Zeevy is an 11-year-old rescue dog described by her owner, Sharon Davis, as sweet, smart and empathetic. When asked about the origin of Zeevy’s name, Davis replies that she was named after the late quirky rock musician Warren Zevon.
Davis is a musician herself, a veteran of several rock bands, as well as being a talented painter, a microbiologist and a former competitive volleyball and softball player. She is also a survivor of traumatic brain injury, which has resulted in several concussions and PTSD. To say that she and Zeevy have a close relationship is an understatement.
Because of her condition, Davis is no longer able to work. With a biology degree from Wake Forest University, she had been a supervisor in a clinical laboratory. But these days she spends a lot of time at home with Zeevy. Their companionship is a critical part of helping Davis manage her confined circumstances at their home in Winston-Salem. “Zeevy has been a lifesaver for me.”
Zeevy was rescued from a roadside in Lexington, N.C., by a friend of Davis’. When she was found, her head was covered with what appeared to be dog bites. Davis believes that she had been used for organized dog fighting and because of her sweet, nonaggressive nature, her previous owner had simply given up on her and thrown her out. Fortunately, that gentle, lovable nature was a perfect match with Davis.
“I’ve had other pets, but there was an immediate connection with Zeevy,” Davis said. “A dog is like a child. There’s an emotional energy there.”
It was an emotional blow to Davis when her companion experienced a major seizure last March. Zeevy had shown no previous signs of illness. Davis immediately placed an urgent late-night call to her local veterinarian. The seizure passed, but Davis wanted to understand the cause.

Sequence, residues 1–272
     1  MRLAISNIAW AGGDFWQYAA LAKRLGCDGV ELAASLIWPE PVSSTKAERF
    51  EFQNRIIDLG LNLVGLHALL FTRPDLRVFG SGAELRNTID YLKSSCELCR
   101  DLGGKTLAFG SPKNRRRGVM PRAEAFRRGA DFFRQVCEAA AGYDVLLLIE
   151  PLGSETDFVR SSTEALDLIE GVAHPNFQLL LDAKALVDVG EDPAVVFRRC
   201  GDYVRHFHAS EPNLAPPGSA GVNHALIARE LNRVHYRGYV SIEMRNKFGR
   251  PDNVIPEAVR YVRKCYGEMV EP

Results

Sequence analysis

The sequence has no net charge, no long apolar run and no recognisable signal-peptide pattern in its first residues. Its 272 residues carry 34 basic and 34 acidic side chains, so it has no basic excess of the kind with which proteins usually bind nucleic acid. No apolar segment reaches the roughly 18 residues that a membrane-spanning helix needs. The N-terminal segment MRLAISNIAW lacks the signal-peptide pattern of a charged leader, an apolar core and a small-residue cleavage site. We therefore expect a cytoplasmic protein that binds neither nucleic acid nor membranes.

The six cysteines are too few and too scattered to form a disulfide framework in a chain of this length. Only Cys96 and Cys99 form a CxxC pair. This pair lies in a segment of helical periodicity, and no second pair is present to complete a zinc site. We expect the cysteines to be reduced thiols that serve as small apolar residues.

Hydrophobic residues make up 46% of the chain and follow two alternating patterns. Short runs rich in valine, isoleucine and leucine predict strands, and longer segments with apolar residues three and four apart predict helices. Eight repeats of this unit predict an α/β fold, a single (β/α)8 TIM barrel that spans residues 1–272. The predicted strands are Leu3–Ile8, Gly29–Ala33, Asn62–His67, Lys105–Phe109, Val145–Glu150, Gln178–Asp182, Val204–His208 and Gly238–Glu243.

“I don’t want to be without her,” she said.
Eventually, a neurologist diagnosed a meningioma, a tumor that forms on the membranes covering the brain and spinal cord. Zeevy’s tumor is malignant. Initial treatments offered little more than easing Zeevy’s pain. Davis was seeking a better quality of life and more time with Zeevy. They were referred to the NC State Veterinary Hospital.
Davis faced a dilemma. She was well aware of NC State’s reputation as a world-class educational, research and medical center, and she knew Zeevy would receive exceptional care. On the other hand, with minimal income as a result of her disability, she knew the travel and medical expenses would present a daunting challenge. Still, she was determined to do the best she could for Zeevy so the pair came to Raleigh in April.
There they met radiation oncology resident James Elliott. Davis said she and Zeevy had the most positive experience she had ever had with a veterinarian — and with a healthcare professional in general.
“The amount of preparation, time spent with us, and clear expertise of everyone made me feel Zeevy was being cared for by the best possible professionals, and they made me feel cared for as well,” said Davis. “What a compassionate team. I just can’t say enough.”
The recommended treatment was stereotactic radiation therapy, which uses highly targeted radiation to treat a tumor while minimizing damage to the surrounding tissue. Zeevy needed just two treatments. Now she faces the prospect of a longer and better-quality life.
But Davis was still unsure how to afford the SRT treatments. That’s when Elliott told her about the availability of assistance from the Petco Foundation and Blue Buffalo Cancer Treatment Fund.
“I wanted to hug him. I wanted to cry,” Davis said. “It was a blessing. Zeevy is so important to me. I have no family or close friends nearby. But she’s always there. She needs me and I need her.”
Through a grant to the NC State College of Veterinary Medicine, the Petco Foundation and Blue Buffalo Cancer Treatment Fund helps pet owners facing financial challenges defray the cost of treatment for their pets. These generous investments help pet parents focus on providing the best possible care for their pets rather than the cost of care.
Thanks to compassionate care from NC State clinicians and much-needed assistance from Petco Foundation and Blue Buffalo, Davis and Zeevy can once again expect for much more quality time together.
~Steve Volstad/NC State Veterinary Medicine